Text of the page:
West Berkshire Council has a few questions to answer about its apparently shoddy performance in this process. How did 4,032m find its way into the version of the application on public display in the Library and dated 1 April 2012? More importantly, why was this length given as the proposed works in the Notice of the Public Inquiry issued by the Planning Inspectorate, and which is dated 11 April 2012 (89). Why didn't the Planning Inspectorate Notice have the 3158.4m of the original application from 22 September 2011? Doesn't it suggest that the Planning Inspectorate was sent another copy of the application, that dated 1 April 2012, and from which they took information for their Notice of the Public Inquiry? Why would they need another copy of the application? Why did the Council send them an altered copy of the application? It seems more like an incompetent conspiracy to me, rather than inadvertency. Watch out for areas of annual, temporary fencing on Padworth (exempt from application to the Planning Inspectorate) as WBC bumble on.

The objectors to fencing at Thursley Common and adjoining commons in Surrey have the territorial expansionist ambitions of Surrey Wildlife Trust and their Grazing Project to deal with. As Sandra Smith, an objector from nearby Elstead, says (93):
“Yet another English Open Space is threatened by the seemingly unstoppable forces of Natural England, Wildlife Trusts and the MoD. Surrey is yet again being targeted by this well organized and publicly unaccountable combination”

The threat of loss of open access to commons due to fencing and conservation grazing is something that just never goes away now, once the conservation industry sees their opportunities. Thus like Odiham (94) and Chobham (see above) where there were renewed plans and an application to enfence, the threat at Thursley Common became tangled up with the aspirations that Surrey Wildlife Trust had for a common they own nearby to Thursley, and which had rumbled on for years.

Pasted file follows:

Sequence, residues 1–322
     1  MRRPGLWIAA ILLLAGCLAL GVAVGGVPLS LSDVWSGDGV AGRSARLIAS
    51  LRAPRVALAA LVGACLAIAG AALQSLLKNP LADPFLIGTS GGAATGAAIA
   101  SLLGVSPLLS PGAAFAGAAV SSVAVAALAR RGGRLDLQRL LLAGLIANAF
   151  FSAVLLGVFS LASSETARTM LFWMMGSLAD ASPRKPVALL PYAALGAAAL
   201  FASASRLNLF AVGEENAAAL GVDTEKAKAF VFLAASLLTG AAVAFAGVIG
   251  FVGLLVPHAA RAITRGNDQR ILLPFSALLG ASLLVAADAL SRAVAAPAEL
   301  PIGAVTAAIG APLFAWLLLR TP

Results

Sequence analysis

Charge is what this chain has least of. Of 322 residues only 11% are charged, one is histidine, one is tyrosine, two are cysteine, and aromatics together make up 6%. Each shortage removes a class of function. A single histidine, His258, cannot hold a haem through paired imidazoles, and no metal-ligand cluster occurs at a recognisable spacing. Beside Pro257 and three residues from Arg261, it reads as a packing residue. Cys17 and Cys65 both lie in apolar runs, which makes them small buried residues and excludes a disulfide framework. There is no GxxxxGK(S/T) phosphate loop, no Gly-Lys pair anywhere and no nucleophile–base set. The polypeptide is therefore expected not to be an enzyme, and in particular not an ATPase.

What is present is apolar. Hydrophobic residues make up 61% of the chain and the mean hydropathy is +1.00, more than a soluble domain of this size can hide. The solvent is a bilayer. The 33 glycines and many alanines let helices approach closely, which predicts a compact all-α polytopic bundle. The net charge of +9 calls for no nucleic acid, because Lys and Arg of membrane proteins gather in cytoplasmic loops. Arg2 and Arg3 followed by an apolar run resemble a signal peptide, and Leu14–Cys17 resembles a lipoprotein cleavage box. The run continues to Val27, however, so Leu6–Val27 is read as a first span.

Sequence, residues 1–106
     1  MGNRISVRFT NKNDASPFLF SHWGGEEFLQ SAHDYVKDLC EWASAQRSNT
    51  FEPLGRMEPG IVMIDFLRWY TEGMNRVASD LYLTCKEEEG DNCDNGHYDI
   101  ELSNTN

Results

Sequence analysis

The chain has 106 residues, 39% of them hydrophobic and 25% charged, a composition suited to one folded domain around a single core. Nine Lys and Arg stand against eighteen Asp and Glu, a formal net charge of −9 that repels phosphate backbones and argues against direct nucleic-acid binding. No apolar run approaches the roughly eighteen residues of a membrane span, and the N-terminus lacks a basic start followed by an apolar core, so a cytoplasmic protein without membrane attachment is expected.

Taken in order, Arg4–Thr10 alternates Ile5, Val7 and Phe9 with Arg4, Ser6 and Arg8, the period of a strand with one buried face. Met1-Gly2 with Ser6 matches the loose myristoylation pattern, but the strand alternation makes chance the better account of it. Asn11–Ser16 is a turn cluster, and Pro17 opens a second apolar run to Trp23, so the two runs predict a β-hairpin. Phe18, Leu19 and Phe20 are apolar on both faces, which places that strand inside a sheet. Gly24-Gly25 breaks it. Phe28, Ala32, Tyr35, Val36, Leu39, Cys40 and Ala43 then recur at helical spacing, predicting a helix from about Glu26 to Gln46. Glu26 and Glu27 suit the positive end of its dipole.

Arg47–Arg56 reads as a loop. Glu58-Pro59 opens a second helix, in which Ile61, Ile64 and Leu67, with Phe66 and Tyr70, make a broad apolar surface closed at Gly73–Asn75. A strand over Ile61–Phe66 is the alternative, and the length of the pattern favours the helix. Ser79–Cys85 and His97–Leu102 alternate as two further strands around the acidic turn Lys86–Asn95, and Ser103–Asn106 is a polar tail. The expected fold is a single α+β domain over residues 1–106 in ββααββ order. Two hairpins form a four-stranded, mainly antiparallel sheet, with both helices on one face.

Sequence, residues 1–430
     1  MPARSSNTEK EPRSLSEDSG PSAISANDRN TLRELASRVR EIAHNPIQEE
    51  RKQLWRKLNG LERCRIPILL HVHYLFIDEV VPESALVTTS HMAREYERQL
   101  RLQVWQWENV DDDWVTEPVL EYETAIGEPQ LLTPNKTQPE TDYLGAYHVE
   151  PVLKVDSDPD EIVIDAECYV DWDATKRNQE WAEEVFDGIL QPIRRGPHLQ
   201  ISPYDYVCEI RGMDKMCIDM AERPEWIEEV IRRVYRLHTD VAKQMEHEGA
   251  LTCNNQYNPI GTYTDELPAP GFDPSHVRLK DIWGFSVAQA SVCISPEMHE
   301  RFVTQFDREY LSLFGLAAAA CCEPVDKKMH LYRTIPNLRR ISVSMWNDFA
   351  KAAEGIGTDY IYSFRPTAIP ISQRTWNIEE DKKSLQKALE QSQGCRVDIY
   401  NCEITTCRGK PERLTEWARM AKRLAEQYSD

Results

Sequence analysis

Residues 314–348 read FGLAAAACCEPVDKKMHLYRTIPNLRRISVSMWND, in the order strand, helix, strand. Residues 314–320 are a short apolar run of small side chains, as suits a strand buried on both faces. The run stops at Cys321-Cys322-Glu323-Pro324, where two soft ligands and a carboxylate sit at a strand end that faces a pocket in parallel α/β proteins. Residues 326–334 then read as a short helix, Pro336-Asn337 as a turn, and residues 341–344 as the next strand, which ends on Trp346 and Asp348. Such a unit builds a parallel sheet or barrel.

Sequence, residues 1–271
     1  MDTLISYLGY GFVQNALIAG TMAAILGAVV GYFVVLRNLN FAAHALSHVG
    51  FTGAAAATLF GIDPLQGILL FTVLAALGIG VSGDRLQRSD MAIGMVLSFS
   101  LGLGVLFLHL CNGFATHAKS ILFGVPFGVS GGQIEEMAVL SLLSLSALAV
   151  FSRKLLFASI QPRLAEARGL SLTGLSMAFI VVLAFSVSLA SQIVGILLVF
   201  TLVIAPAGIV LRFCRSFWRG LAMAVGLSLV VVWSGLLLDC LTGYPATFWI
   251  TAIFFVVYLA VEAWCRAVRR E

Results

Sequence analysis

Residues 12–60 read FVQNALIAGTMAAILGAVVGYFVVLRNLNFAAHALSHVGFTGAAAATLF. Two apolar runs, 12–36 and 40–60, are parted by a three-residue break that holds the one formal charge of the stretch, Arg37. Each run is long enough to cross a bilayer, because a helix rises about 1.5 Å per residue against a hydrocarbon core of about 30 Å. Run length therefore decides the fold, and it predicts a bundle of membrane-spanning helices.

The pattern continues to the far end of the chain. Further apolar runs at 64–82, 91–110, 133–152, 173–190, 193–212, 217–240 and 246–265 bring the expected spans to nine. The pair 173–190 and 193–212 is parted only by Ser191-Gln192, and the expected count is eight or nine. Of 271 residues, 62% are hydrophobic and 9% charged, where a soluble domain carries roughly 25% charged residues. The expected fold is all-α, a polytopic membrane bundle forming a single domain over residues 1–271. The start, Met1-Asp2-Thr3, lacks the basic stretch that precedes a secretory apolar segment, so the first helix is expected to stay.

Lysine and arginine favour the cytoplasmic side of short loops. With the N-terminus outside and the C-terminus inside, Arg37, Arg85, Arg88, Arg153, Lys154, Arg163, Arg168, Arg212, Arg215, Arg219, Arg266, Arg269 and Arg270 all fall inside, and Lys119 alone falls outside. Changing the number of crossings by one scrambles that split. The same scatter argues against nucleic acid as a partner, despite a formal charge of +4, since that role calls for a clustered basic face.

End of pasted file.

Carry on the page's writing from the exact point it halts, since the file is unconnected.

Surrey Naturalist’s Trust (now Surrey Wildlife Trust) purchased Bagmoor Common in 1970, this common being part of a larger area of commons that includes Elstead, Ockley, and Royal Commons as well as Thursley Common (95). Thursley Common was used as a military training ground up until 1965, after which it was entered into a management agreement with Surrey Naturalist Trust. Then in 1977, most of Thursley Common was acquired by the Nature Conservancy Council, which became English Nature and is now Natural England. Surrey Wildlife Trust continued to manage Thursley under an agreement with English Nature until 1985. Parts of Thursley Common are still used under license for military training, while most of it is now a National Nature Reserve (96). Elstead, Ockley and Royal Commons are owned by Ministry of Defence/Defence Estates, and are used for infantry training (95).